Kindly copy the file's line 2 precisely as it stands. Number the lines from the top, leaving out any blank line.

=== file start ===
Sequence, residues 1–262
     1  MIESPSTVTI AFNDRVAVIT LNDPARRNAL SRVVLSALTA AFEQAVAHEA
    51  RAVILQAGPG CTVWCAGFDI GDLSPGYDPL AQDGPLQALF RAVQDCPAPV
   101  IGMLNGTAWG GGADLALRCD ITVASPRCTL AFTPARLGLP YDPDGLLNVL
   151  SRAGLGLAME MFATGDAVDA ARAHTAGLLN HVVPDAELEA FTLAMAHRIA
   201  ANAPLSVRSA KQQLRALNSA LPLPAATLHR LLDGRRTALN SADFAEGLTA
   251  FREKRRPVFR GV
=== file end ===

     1  MIESPSTVTI AFNDRVAVIT LNDPARRNAL SRVVLSALTA AFEQAVAHEA